I used the small Dremmel cutting discs to carefully and accurately cut of the section. An angle grinder would have been too aggressive and I felt it could have easily led to errors. So slowly I proceeded. Thankfully my educated guesswork paid off and I was able to lift out the rotten section, complete with integrated demister pipe, in one piece:

On the donor scuttle panel I rough cut the relevant section out so that I could prep it and later trim it down to an accurate fit:

After a session in the shot blast cabinet I had fresh unblemished steel. I was heartened to see just what great condition this section is in:

The only repair I needed to make was a angle grinder gash on the inlet pipe. I guess that the seller who originally chopped out the scuttle from the donor vehicle must have been cutting with haste and this part was a minor casualty. Nothing too serious though:

I filed the protrusions around the cut nice and flat. I then cleaned up a thin piece of copper and added a curve roughly the same as the contour of the pipe. I then inserted the copper backer and clamped it in place with mole grips:

I could then weld up the gap:

After dressing the weld and a quick blow-over in the shot blast cabinet it was looking like new again:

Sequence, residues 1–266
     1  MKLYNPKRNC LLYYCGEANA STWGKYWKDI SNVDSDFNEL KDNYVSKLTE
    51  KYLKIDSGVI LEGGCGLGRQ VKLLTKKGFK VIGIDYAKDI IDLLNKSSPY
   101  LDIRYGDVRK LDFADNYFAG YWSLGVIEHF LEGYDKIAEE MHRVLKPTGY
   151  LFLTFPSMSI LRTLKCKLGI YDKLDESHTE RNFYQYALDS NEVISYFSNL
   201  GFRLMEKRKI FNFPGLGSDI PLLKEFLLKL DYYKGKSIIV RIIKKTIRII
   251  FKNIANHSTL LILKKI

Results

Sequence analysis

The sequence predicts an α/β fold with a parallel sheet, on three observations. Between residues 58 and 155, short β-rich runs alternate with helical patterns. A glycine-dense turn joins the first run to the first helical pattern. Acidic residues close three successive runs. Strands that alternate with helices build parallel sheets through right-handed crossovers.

I spent some time carefully trimming up the repair section and repeatedly trial fitted. However, I was starting to feel a little frustrated at this point as I couldn't get the damn thing to line up right on both sides - so I have decided to split the section by drilling out the spot welds:

This allowed me to get a far better alignment on both sides of the dash rather than compromising. Before welding anything permanently into place I took the opportunity to shot blast the soon-to-be inaccessible areas, such as inside the window frame and the top of the door mounting reinforcement panel. Cleaning all this was actually a real pig of a job as it was tough to get the bulky shot blast gun into some of the areas with tricky angles. It was slow going and all I could do was my best, but it is certainly better than just leaving it:

I then added few coats of zinc primer to hopefully prevent any rust re-emerging:  

Starting with the inside section I got the best alignment I could paying particular attention to the contours of the dash.

I really took my time with the welding and started at the outlet end which I determined to be the end that was most critical to get right;

As I moved along the tapering flange section I was able to manipulate the steel slightly and adjust the fit. The occasional vertical slit was added as required to allow the shape to be altered more easily:

All welded and smoothed out and holes filled:

On to the front panel section and I once again started welding at the outlet / corner area before moving towards the centre to complete the weld:

Once the front was welded and smoothed I was just a case of closing the gap between the two sections and plug welding them together. I'm satisfied with the end result as there is virtually no indication of any work having been done;

Couldn't resist a before and after comparison;